The course completely covers Pre-Algebra all the way through what would be considered Algebra 2. Their terminology is much easier to follow and the problems for the students and the tests are worked out step-by-step. The Video Instruction is great because you can see numbers moving on the screen where they need to go, but it isn’t flashy which in my opinion becomes more entertainment than actual learning. There are also plenty of work problems…not to mention the approach is mastery over spiral so you are CONSTANTLY reviewing as you build on with the next lesson. It seems to be a misconception that there isn’t enough review. The students are in a constant state of reviewing the previous concepts. The program is also geared to the students grading their own work so they can find their mistakes and then tell the teacher why they missed it. I think that is key to understanding. There are also two sets of quizzes and tests. Finally, priced moderately? Well, the online version of VideoText is only $299 for ALL THREE COURSES! I was really surprised when I broke it down to how affordable that really was. I think what really drew me to this course for my kids is that the program really has a great language base and I didn’t feel like I was drowning in another world of math jargon. I guess when you find something you really like you want to pass it along to others! 🙂 http://www.videotext.com

  5. I saw on another page that you used a few programs for your own children when in high school. I’m curious…how did you blend Video Text with Saxon math.
    We are using video text but I feel that there simply isn’t enough review of concepts taught.
    I like the incremental approach of Saxon, but would miss the incredible graphics that VT offers.
    Any suggestions would be welcome.

    • Hi Jill! I agree with you on your observations regarding VideoText and Saxon. They both have their strong points … and their weak areas.

      If you’re looking for review problems while using VideoText: their website (http://www.videotext.com/) has a section called “Homeschooling and Independent Study – Enter Here”. Click on that, then click on “Support” at the top of the page. You’ll see a drop down menu which includes “Extra Practice Problems”. You’ll see practice problems for all 10 units covered in VideoText Algebra.

      Hope this helps! Continued blessings on your homeschool journey!

    • I confess I went outside the “homeschool curriculum” arena to find the text I would use for my Algebra I class. I chose Prentice Hall Classics, (3rd Edition) Algebra I Expressions, Equations, and Applications by Paul A. Foerster (ISBN 0-13-165708-9), and have been very happy with it. It is only a textbook, but I also keyed online videos to each lesson on our course syllabus. Because the parents must pay for the class in addition to the textbook, I was uncomfortable choosing a more expensive course such as Teaching Textbooks. If your student is learning algebra at home, you might want to consider Teaching Textbooks; some students do very well with it.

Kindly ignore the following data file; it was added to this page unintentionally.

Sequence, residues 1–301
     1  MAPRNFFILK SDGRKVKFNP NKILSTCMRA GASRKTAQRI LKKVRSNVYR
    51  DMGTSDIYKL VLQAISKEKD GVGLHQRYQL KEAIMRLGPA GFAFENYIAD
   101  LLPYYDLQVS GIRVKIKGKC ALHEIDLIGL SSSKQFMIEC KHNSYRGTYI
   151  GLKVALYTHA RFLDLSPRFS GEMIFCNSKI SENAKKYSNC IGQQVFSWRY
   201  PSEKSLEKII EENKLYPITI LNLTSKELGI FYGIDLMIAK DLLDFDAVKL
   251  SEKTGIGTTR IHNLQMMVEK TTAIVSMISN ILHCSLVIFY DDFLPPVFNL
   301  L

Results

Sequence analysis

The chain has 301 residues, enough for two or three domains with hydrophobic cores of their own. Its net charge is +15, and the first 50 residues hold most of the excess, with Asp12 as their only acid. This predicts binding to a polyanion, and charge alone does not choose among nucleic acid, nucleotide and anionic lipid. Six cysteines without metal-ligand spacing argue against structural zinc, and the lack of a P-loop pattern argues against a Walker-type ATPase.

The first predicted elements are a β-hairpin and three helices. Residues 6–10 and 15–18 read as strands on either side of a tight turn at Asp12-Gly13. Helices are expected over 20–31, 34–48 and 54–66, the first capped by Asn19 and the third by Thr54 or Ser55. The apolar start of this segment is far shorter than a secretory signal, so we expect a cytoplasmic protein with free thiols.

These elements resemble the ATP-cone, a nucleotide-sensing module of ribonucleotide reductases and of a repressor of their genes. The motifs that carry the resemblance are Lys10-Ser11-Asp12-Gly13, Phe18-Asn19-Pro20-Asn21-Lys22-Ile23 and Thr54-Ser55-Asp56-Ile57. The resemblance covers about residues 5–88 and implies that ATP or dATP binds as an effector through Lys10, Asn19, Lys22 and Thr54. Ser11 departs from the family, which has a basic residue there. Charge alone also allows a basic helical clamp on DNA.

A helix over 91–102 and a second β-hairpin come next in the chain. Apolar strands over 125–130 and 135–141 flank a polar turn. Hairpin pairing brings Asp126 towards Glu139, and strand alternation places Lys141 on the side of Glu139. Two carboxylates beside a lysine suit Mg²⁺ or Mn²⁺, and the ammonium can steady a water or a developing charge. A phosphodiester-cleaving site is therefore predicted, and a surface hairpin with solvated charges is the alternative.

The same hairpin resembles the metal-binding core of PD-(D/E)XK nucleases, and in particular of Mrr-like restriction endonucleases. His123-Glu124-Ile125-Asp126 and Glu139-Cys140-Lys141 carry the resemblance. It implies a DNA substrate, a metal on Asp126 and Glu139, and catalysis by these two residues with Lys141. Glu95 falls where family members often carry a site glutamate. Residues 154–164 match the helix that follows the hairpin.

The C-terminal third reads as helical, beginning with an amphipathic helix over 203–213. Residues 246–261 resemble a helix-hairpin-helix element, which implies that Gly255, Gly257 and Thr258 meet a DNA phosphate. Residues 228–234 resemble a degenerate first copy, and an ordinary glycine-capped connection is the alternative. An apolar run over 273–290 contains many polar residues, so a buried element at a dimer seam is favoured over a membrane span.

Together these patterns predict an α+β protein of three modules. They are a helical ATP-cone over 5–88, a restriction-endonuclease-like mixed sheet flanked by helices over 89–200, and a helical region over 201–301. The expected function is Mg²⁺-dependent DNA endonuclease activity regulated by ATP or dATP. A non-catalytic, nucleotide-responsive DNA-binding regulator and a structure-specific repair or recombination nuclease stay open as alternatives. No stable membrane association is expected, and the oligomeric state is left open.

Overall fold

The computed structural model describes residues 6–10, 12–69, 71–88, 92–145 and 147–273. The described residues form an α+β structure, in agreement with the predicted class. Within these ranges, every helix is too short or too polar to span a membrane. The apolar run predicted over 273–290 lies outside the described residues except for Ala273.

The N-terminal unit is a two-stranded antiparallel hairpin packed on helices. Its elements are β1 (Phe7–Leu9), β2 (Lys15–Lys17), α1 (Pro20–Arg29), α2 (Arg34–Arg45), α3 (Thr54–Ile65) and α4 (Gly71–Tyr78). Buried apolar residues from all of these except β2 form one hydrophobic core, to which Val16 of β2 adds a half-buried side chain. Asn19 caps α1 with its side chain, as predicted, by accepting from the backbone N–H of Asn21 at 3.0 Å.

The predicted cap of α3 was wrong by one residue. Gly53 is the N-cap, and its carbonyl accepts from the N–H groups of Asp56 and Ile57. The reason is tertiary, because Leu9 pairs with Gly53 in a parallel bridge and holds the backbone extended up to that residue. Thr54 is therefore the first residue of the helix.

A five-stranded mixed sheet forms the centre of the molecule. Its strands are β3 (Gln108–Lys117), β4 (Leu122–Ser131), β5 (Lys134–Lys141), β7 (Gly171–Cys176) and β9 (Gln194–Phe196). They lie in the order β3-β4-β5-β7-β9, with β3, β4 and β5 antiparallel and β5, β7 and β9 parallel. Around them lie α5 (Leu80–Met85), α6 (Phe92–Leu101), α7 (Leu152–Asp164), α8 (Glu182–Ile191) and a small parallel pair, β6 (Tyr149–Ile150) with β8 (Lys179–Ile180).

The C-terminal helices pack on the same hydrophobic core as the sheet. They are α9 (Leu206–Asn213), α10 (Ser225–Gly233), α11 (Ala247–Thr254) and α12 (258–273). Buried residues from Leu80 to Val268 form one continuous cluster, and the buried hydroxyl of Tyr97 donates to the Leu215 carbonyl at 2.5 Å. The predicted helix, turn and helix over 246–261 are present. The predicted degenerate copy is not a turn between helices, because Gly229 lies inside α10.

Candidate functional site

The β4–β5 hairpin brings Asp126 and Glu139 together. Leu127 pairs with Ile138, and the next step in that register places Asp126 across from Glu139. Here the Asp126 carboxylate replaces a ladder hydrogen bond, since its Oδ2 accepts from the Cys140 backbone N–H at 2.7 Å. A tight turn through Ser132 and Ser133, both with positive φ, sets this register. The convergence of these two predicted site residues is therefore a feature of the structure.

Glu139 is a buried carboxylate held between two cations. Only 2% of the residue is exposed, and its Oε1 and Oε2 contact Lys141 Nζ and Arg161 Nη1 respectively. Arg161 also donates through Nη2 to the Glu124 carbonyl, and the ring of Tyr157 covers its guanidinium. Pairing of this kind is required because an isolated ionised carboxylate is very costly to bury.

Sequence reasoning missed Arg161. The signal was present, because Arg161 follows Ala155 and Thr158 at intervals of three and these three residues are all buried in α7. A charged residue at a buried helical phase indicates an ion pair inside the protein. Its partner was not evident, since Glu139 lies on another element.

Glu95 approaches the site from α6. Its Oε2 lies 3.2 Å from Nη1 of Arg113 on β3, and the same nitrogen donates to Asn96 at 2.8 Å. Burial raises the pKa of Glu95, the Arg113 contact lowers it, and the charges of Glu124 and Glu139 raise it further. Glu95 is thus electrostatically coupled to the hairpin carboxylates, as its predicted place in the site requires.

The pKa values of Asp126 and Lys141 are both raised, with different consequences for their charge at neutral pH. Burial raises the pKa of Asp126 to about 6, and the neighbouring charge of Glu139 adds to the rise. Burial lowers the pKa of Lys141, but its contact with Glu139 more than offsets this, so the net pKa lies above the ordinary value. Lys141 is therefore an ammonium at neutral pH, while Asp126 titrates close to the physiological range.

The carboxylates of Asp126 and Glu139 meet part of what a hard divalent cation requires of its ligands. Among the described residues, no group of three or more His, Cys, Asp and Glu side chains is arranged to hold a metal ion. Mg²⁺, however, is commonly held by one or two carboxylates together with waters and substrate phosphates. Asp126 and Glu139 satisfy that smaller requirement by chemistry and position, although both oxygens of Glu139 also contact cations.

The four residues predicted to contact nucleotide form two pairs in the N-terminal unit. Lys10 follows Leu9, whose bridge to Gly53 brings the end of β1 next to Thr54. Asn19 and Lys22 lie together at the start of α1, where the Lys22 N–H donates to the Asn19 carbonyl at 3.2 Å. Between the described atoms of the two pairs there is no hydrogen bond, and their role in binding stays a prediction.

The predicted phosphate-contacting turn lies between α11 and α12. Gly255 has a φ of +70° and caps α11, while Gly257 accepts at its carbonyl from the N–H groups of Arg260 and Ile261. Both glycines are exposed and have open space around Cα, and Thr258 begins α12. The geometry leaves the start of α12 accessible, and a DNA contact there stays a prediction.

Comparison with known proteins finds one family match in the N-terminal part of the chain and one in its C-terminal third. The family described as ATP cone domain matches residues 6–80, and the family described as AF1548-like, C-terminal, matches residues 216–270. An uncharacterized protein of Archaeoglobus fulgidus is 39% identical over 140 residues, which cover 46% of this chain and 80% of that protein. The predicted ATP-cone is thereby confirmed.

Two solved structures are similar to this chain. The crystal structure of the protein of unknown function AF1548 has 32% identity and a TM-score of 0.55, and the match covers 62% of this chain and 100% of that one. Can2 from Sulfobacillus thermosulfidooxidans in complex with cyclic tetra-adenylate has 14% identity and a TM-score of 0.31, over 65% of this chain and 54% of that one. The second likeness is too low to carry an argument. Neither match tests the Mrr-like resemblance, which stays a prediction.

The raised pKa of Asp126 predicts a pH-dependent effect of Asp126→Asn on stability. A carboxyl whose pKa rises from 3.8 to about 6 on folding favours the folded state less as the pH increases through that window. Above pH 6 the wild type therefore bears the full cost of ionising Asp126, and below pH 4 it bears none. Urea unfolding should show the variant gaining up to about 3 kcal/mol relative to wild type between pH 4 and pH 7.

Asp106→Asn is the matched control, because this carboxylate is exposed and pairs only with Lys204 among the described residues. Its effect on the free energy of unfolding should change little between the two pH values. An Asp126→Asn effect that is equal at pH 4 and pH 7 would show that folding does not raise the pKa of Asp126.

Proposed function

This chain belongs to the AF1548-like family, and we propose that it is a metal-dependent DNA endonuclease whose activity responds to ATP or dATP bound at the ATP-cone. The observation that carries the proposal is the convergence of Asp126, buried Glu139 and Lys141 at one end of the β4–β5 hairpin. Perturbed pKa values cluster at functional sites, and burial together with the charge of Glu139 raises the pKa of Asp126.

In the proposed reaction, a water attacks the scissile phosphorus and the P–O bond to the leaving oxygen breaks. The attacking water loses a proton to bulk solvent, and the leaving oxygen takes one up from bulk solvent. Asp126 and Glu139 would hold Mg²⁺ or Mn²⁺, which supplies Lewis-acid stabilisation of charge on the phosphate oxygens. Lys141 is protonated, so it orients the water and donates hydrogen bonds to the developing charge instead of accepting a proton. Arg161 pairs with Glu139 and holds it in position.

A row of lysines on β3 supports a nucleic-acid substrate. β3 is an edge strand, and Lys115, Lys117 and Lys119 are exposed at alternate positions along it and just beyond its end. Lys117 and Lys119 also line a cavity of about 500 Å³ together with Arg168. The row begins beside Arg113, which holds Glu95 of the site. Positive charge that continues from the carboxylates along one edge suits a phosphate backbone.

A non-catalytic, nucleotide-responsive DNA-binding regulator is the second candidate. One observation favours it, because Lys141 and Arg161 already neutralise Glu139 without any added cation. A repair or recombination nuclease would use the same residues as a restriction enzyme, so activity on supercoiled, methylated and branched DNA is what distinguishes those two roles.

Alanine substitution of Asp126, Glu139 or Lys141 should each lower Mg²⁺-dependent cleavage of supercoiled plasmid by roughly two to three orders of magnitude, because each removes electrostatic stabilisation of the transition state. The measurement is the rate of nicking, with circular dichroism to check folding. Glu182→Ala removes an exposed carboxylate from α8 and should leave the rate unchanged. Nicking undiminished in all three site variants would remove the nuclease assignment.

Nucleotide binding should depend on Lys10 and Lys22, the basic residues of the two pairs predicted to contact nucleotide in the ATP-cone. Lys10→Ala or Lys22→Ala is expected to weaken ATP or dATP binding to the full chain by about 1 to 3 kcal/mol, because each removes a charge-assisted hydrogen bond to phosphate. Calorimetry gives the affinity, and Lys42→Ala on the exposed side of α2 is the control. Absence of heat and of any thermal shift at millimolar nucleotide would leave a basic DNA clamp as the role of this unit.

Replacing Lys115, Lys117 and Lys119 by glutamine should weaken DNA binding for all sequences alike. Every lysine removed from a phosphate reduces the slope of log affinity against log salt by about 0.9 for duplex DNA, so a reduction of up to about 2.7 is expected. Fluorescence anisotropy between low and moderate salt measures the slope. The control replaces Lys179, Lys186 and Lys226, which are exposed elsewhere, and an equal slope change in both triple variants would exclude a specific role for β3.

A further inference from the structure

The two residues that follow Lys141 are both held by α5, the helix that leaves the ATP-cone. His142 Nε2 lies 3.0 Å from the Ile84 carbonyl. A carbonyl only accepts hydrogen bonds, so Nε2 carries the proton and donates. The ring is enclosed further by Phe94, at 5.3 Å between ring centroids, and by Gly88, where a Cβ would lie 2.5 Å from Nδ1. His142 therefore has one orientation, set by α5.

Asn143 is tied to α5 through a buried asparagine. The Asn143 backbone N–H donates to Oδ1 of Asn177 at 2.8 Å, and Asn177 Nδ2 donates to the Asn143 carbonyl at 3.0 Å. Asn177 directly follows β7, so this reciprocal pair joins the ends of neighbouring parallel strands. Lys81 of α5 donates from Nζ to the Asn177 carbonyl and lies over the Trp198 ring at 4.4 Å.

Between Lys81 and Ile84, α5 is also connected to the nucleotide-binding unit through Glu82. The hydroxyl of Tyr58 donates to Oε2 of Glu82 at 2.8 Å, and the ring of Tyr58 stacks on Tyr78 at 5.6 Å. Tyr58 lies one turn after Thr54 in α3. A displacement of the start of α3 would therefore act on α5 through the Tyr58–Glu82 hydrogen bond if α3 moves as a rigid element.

And some don’t. That will be the same with ANY curriculum you find. What works for one student may not work nearly as well for another.

      I would just recommend researching on the internet as thoroughly as you can the current Algebra I curricula available, and read as many reviews of the products as possible. Also, ask your fellow homeschool moms what they use and if they like it, and why. Be sure to ask what type of learning style their children have and what their math aptitude is. A math-inclined student may LOVE one curriculum which a math-struggling student would absolutely SUFFER through. You also might want to describe your student’s learning style and math aptitude in an homeschool online forum and get some input from other moms who relate to your situation and have found a curriculum which works well for their children.

      Hope this has helped at least a little, Terri. Thanks so much for stopping by 7Sisters, and I wish you all the best in hunting down the right curriculum for your student. Blessings on your homeschool journey!

  6. Great ideas, Sara!

    I love the idea of at least two test to allow for a re-take. In all my subjects I want to see learning (preferably mastery) not just evaluation. A second test is a great way to provide that.

    I like review and real world applications too. My kids always want to know how, if ever, they will use this in their life beyond school.

    • One curriculum I used in my classes offered FOUR test versions. We used one test form as a practice test (I provided the answer key to the practice test so the students could check their own work, rework incorrect answers, and call me if they could not come up with the correct answer), the second test form as the actual test, and the third as the re-test. The fourth version was used for in-class review purposes.

      For the student who is willing to do the extra work to improve his grade, I am happy to allow a re-test opportunity.

    • Thanks so much for this very timely post. I can’t wait to check out these links. I work full-time in our music/education store and also tutor reindag part-time. I’m learning to fit it all in but sometimes I don’t do so well. Thanks so much!Judy

  7. As someone who struggles with Algebra myself, I agree that the video instruction is important….my kids have needed to see problems worked correctly (with explanations of the steps), and I am not confident (competent!) to do that with them in between classes with an Algebra teacher.

    • Sabrina, there are SO MANY online sites now that provide really good video instruction for math at all levels. So, even if the curriculum you choose does not include video instruction, a quick search on the internet will provide your student with the video review he needs between classes.

  8. I really like the idea of interactive problems so students don’t reinforce the incorrect way of doing things.